Fungal attack!


  • Health
  • Sunday, 14 Nov 2010

Fungal infections can be a source of unsightly infections on the skin. In serious cases, they can affect internal organs.

MY daughter was recently diagnosed with ringworm. It appeared as round, reddish lesions on her arms. All her classmates laughed at her for having ‘worms'. But the doctor told us that ringworm is a fungal infection. How is this so?

Fungal infections strike the human body in various ways. First of all, a fungus is an entire classification of living organism by itself, having over 80,000 species under its umbrella, including yeasts, mildew, mushrooms, molds, etc.

They used to be classified as plants, but they lack chlorophyll and the structure of plants. They are not animals either.

Fungi can attack our body in various ways – our scalp, skin, nails, and in more serious cases, our lungs, other deep organs, and even our blood, especially if our immune system is compromised by AIDS or chemotherapy.

Some of the common fungal infections we are used to seeing are tinea corporis (ringworm), tinea versicolor, vaginal candidiasis, tinea capitis (ringworm of the scalp), and tinea pedis (athlete's foot).

Tell me about ringworm

Tinea corporis is a term we use for fungal infections of the face and body. The fungus involved is a dermatophyte which survives on the top and dead layer of our skin called keratin.

A ringworm looks like a flat, scaly spot on top of the skin that soon develops a raised border that enlarges outward in a circle (ring). The advancing body is red and raised while the centre is flatter, with fine scaling. That's why it looks like a worm eating the end of its tail.

Ringworm can be treated with antifungal creams. But prevention is better than getting it. Ringworm thrives in hot, moist environments and can be passed from infected people. So make sure you always dry your hands after washing them, especially if you have been in contact with soil, plants, animals, and other people affected by ringworm.

What about ringworm if the scalp? How does it get there?

Another type of ringworm is tinea capitis (capitis = scalp). It's common in children from age three to seven. The fungi here "like" to transmit themselves through spores. When an infected person combs his hair or when the spores fall onto his clothing from his head, these spores can survive for months on end on these objects.

It's also possible to carry these spores without getting infected (in essence, you are a carrier.)

For children, one common source of this fungus is school – an infected classmate. Children who are more likely to have tinea capitis come from large families and live in overcrowded conditions.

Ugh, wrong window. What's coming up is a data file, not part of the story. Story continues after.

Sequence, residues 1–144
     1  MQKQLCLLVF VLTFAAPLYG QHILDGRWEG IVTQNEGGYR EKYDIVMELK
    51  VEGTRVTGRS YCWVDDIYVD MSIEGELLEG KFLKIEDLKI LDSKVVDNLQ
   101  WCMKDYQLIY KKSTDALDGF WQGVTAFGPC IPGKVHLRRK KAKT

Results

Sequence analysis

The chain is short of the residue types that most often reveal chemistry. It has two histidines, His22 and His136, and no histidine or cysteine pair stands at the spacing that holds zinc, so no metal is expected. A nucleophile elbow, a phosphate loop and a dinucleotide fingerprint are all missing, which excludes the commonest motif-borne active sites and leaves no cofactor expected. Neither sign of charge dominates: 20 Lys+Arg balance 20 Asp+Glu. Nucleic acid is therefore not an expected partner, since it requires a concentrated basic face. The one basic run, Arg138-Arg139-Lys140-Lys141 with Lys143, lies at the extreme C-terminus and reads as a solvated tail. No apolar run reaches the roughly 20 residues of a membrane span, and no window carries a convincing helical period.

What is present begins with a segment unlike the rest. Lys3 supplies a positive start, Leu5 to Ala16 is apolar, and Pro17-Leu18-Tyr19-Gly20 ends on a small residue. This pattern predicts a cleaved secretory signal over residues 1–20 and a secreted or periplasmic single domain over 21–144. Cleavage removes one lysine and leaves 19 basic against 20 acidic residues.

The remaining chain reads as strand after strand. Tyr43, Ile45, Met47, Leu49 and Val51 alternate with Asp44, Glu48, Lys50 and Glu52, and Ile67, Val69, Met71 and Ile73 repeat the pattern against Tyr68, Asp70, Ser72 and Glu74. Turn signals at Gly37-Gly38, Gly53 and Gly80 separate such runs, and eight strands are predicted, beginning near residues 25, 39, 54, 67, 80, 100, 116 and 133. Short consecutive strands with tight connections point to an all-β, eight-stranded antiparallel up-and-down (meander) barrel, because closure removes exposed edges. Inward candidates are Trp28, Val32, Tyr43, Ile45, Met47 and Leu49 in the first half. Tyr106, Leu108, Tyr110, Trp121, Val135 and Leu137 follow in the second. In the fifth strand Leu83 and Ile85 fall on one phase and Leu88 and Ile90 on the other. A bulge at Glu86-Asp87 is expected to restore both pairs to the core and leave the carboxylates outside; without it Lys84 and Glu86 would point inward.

Tinea capitis appears primarily as hair loss. A typical appearance can be a patch of hair loss on your scalp that has black dots on it. These are the broken off hair follicles. It may also manifest as a gray spot (with scales) or a kerion, which is a patch of boggy thickened scalp with pustules on it, caused by your body's immune reaction to the fungus.

Tinea capitis cannot be treated by antifungal creams. You have to take antifungal medications orally, sometimes for months. So don't share combs with other people!

In my school days, I actually had tinea versicolor. It appeared as white patches on my skin around my cheeks and back. How did I get these? Poor hygiene?

Tinea versicolor is a type of rash caused by a common skin yeast. Most of the time, this skin yeast doesn't cause any disease, but sometimes it can transform into a more sinister form and turn off melanin-producing cells in our skin.

Melanin is what gives our skin its colour. Dark-skinned people obviously have lots more melanin than light-skinned people. This is what gives this yeast infection its light coloured spots.

Tinea versicolor can be treated by antifungal creams. Until recently, the main recommended treatment for this was dandruff shampoo, which is sold over the counter in pharmacies. But dandruff shampoo can cause irritation to the skin when applied over a period of time.

Antifungal creams are better, and if your condition is severe, an oral antifungal medication like ketoconazole or itraconazole will do the trick.

What is athlete's foot?

This is the most common of fungal infections. It is estimated that 70% of the world's population have experienced it at least once in their lifetime. It's more common in men than women. Certain people are predisposed to it because of a questionable fault in their immune system, no matter how clean they keep their feet!

The most common type is a chronic disease that affects the web space between your 4th and 5th toes. It is extremely itchy, especially when you remove your shoes and socks.

Another type affects your sole and presents as a dry, scaly rash. This type often appears in people who have asthma or eczema.

Yet another type are blisters on top of your foot or your sole. This one is also called "jungle rot", because soldiers fighting in jungles used to get it a lot.

Once again, you can treat athlete's foot with antifungal creams or oral antifungals.

Dr YLM graduated as a medical doctor, and has been writing for many years on various subjects such as medicine, health advice, computers and entertainment. The information contained in this column is for general educational purposes only. Neither The Star nor the author gives any warranty on accuracy, completeness, functionality, usefulness or other assurances as to such information. The Star and the author disclaim all responsibility for any losses, damage to property or personal injury suffered directly or indirectly from reliance on such information.


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